- Diabetes: Patient could experience an episode of hypoglycemia during sedation.
DOCS Education strongly encourages dentists to enroll in the American Heart Association's HeartCode PALS Part 1 prior to enrolling in Pediatric Sedation Dentistry. If you successfully complete HeartCode PALS Part 1, you have the opportunity to become PALS-certified or re-certified by attending Pediatric Sedation Dentistry, which fulfills Parts 2 and 3. However, spaces for recertification testing will be limited. If you are interested in becoming certified or recertified, please inquire with your Customer Service Representative to learn more.
DOCS Education considers the dental team a vital part of good patient care and urges every dentist to bring at least one staff member to courses. Whether assisting the doctor during the actual appointment or tending to the practical concerns of appointment scheduling and recordkeeping, a doctor cannot perform pediatric sedation without the help of his or her team. Thus, it's imperative your team members be knowledgeable about the pediatric sedation process to better serve the patient and the dentist.
"I brought some of the team with me, including two hygienists and our assistant manager—all of whom are extremely reluctant to try new things. I sat at lunch today listening with amazement as they told me what we need to do to implement this in our practice! Your enthusiasm is infectious, and I will be sending the rest of the team to this course!"
- Karen Harriman, DDS
States differ in their sedation regulations. Visit www.SedationRegulations.com to learn more.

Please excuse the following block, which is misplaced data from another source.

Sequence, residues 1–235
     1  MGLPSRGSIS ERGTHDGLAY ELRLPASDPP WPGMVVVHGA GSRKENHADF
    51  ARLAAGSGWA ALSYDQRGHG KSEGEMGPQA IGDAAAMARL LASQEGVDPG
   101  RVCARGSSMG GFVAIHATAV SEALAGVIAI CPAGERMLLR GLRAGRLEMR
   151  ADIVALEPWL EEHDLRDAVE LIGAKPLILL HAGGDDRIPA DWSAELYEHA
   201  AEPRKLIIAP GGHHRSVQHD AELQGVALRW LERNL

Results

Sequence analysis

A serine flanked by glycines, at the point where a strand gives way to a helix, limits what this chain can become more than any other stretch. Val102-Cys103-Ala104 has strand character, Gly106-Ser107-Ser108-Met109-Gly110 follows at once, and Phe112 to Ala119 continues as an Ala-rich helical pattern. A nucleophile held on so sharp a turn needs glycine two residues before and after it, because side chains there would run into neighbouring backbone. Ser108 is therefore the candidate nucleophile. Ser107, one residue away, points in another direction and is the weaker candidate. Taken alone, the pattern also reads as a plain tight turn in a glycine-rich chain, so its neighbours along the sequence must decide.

Dr. Roger Sanger is DOCS Education's lead instructor for Pediatric Sedation Dentistry and has personally performed over 13,000 pediatric sedation cases. He explains why, if performed by a skilled and responsible doctor, sedation dentistry is a safe, dependable and important method of treatment for children with anxiety:
I am a believer that with the proper training and regulatory guidance, a general dentist can perform safe and effective sedation to aid in the dental treatment of children and teens. Proper training must include (among many other subjects) the selection of proper drug(s) and their safe use, and MOST IMPORTANTLY, the proper selection of the child or teen.
Minimal oral conscious sedation performed by trained GPs provides children with a much more pleasant dental experience, thus making them better patients for the rest of their lives.
For the majority of cases a general dentist will encounter in practice where oral conscious minimal sedation will be beneficial, the use of one drug (midazolam is the most popular) given at or below the maximum recommended therapeutic dose (MRTD) with nitrous oxide, oxygen inhalation, analgesia and injectable local anesthesia will suffice. Cases requiring a higher degree of sedation because of patient selection or length of treatment can be referred to the pediatric specialist who may want to achieve moderate sedation.